Rank Vehicle Make & Model Flesch-Kincaid Reading Ease Score Age Suitability (years) 
McLaren 765LT 44.3 18+ 
Vauxhall Crossland X 44.5 18+ 
BMW 2 Series 45.06 18+ 
Ferrari 812 Superfast 45.35 18+ 
Vauxhall Grandland X 45.64 18+ 
Range Rover Evoque 45.65 18+ 
Ford Ranger 45.83 18+ 
Honda Jazz 46.38 18+ 
Nissan Frontier 46.88 18+ 
10 Mercedes GLC 47.89 18+ 

At the more accessible end of the spectrum, Tesla’s Model Y was found to be the easiest manual to understand, scoring 76.92 on the Flesch-Kincaid scale, suitable for those aged 12-13 and above.

Tesla Model Y manual the easiest to digest according to Scrap Car Comparison
Tesla Model Y manual the easiest to digest according to Scrap Car Comparison

Toyota also did well, taking second and third spots with its Tacoma and Tundra manuals.

Top 10 easiest to read vehicle manuals

Rank Vehicle Make & Model Flesch-Kincaid Reading Ease Score Age Suitability (years) 
Tesla Model Y 76.92 12-13 years 
Toyota Tacoma 76.53 12-13 years 
Toyota Tundra 76.42 12-13 years 
Chevrolet Bolt EV 74.48 12-13 years 
Fiat 500 73.97 12-13 years 
Honda NSC 100 Vision 73.42 12-13 years 
Porsche 911 Turbo S 72.55 12-13 years 
Ford Mustang Mach-E 72.07 12-13 years 
Kia Sportage 69.86 13-15 years 
10 Audi Q2 69.82 13-15 years 

Dan Gick, Managing Director at Scrap Car Comparison, commented: “Vehicle owner manuals are a great resource which can teach you not only how to get the most out of your car, but also how to maintain your vehicle so that you can drive it safely. 

“While some seem to get it right in terms of reading length and accessibility, other manufacturers may need to think about whether they’re making their manuals overly complex.”

Tara Andringa, Executive Director of Partners for Automated Vehicle Education (PAVE) talks self-driving surveys, international expansion and more

Meet the Partners for Automated Vehicle Education (PAVE) in Europe

Of the 100+ features I’ve done for Cars of the Future, the one I find myself quoting most is last summer’s Letters from America: Partners for Automated Vehicle Education (PAVE). In particular, the evidence that live self-driving vehicle demonstration events are highly effective in boosting public trust.

The organisation with a mission to “inform the public about automated vehicles” is expanding fast – launching PAVE Canada in February and now, PAVE Europe.

Partners for Automated Vehicle Education (PAVE) in Europe

On 17 March 2022, at the Autonomy Paris sustainable mobility conference, PAVE Europe announced six “Founding Members”, and a very prestigious bunch they are too. In alphabetical order: financial services provider, Achmea; autonomous vehicle technology specialists, EasyMile and Mobileye; the world’s largest reinsurer, Swiss Re; Cologne-based safety tester TÜV Rheinland; and the company born of Google’s self-driving car project, Waymo.

From a UK perspective, we note the involvement of Lukas Nekermann, MD of London-based Neckermann Strategic Advisors and author of the influential 2015 book, The Mobility Revolution. Both he and Frederic John, who together co-authored 2020’s Being Driven, are credited as the “co-initiators” of PAVE Europe.

We caught up with Tara Andringa, Executive Director of PAVE, to find out more.

Tara Andringa, Executive Director of Partners for Automated Vehicle Education
Tara Andringa, Executive Director of Partners for Automated Vehicle Education

TA: “We’ve achieved a lot since your last article – made progress on projects we spoke about and launched some brand new ones too.

“Our weekly virtual panels, which began during Covid, have continued to go extremely well. We thought there might be some Zoom fatigue once people got back to work, but in fact they’ve gotten more popular. We’ve had more than 16,000 people register for the panels live, and we have had an additional 20,000 views on YouTube.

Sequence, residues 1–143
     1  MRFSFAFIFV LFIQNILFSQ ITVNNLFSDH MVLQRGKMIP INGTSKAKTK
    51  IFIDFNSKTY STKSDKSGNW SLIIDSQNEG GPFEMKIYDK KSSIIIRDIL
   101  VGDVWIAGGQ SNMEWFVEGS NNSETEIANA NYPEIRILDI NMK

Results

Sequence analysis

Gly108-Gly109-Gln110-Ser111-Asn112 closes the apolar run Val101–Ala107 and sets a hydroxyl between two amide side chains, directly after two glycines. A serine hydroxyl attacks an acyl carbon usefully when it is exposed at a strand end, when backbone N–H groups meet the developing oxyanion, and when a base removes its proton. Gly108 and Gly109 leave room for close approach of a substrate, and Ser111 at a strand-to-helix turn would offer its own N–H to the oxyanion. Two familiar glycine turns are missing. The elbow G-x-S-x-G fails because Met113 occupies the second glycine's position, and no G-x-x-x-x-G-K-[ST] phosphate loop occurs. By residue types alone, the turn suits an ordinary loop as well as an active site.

“The virtual panels are a great way to spread the conversation about AVs and in January we won a prestigious award for them – a National Communications Award for Outstanding Public Education at the Transportation Research Board (TRB) conference in Washington.

Partners for Automated Vehicle Education at the TRB conference 2021
Partners for Automated Vehicle Education at the TRB conference 2021
Automated Vehicle Survey

“Another major success last fall was our survey work. We put together a powerhouse group with the Massachusetts Institute of Technology (MIT) and JD Power to track longitudinally how views change over time. We released the first results in November and we’re going to make it an annual thing.”

The headline result in 2021 was that only 37% of respondents correctly identified the description of a fully automated self-driving vehicle (according to SAE International’s definition) from seven possibilities. 55% of respondents selected descriptions aligned with driver assistance technology.

The results led Lisa Boor, senior manager of global automotive at J.D. Power, to quote the robot from Lost In Space, describing “a ‘Danger, Will Robinson’ moment for the fully automated self-driving vehicle industry”, with “a significant gap between actual and perceived AV knowledge.” 

TA: “Another thing we mentioned last time was our public sector workshop with the state of Ohio. We’ve tried to really build out that program, working a lot on state engagement here in the United States. We help to educate public sector officials, to give them the information they need to make choices for their communities and educate their constituencies.”

Which brings us to your international expansion.

TA: “Yes. We’ve realised that, while every government is taking a different regulatory approach, the public confusion and misperceptions are a global phenomenon. So, we’ve decided to expand PAVE’s mission elsewhere, so each country or continent will have its own chapter or sister organisation.

“Public sector engagement is such an important part of this. Each government is looking at different policy options, but this is a global industry.  Our new Canadian and European members will be able to network with our US members, to collaborate, but also do their own thing, run their own events tailored to local needs.”

For more on PAVE Europe visit pavecampaign.org/europe